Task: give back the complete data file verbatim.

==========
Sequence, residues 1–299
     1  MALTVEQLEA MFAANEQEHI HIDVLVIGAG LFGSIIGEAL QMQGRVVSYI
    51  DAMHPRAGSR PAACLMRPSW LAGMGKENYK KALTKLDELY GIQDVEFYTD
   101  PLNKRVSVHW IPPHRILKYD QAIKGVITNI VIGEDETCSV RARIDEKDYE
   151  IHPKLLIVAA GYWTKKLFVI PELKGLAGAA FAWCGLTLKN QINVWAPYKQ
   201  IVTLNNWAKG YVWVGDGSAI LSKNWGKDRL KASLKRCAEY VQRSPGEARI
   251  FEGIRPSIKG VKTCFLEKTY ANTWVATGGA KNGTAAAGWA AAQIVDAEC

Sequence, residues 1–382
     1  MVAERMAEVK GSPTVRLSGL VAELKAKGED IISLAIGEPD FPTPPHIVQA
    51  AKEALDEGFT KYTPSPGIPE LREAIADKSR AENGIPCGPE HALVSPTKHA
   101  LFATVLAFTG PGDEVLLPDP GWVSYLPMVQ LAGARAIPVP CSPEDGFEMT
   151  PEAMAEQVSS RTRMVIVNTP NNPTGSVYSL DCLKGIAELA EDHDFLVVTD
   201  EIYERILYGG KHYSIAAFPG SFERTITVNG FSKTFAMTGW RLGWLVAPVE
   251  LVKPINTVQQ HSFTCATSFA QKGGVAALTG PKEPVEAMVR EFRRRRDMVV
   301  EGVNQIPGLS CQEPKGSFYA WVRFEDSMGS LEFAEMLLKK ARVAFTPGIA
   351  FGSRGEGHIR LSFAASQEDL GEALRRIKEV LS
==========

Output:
Sequence, residues 1–299
     1  MALTVEQLEA MFAANEQEHI HIDVLVIGAG LFGSIIGEAL QMQGRVVSYI
    51  DAMHPRAGSR PAACLMRPSW LAGMGKENYK KALTKLDELY GIQDVEFYTD
   101  PLNKRVSVHW IPPHRILKYD QAIKGVITNI VIGEDETCSV RARIDEKDYE
   151  IHPKLLIVAA GYWTKKLFVI PELKGLAGAA FAWCGLTLKN QINVWAPYKQ
   201  IVTLNNWAKG YVWVGDGSAI LSKNWGKDRL KASLKRCAEY VQRSPGEARI
   251  FEGIRPSIKG VKTCFLEKTY ANTWVATGGA KNGTAAAGWA AAQIVDAEC

Sequence, residues 1–382
     1  MVAERMAEVK GSPTVRLSGL VAELKAKGED IISLAIGEPD FPTPPHIVQA
    51  AKEALDEGFT KYTPSPGIPE LREAIADKSR AENGIPCGPE HALVSPTKHA
   101  LFATVLAFTG PGDEVLLPDP GWVSYLPMVQ LAGARAIPVP CSPEDGFEMT
   151  PEAMAEQVSS RTRMVIVNTP NNPTGSVYSL DCLKGIAELA EDHDFLVVTD
   201  EIYERILYGG KHYSIAAFPG SFERTITVNG FSKTFAMTGW RLGWLVAPVE
   251  LVKPINTVQQ HSFTCATSFA QKGGVAALTG PKEPVEAMVR EFRRRRDMVV
   301  EGVNQIPGLS CQEPKGSFYA WVRFEDSMGS LEFAEMLLKK ARVAFTPGIA
   351  FGSRGEGHIR LSFAASQEDL GEALRRIKEV LS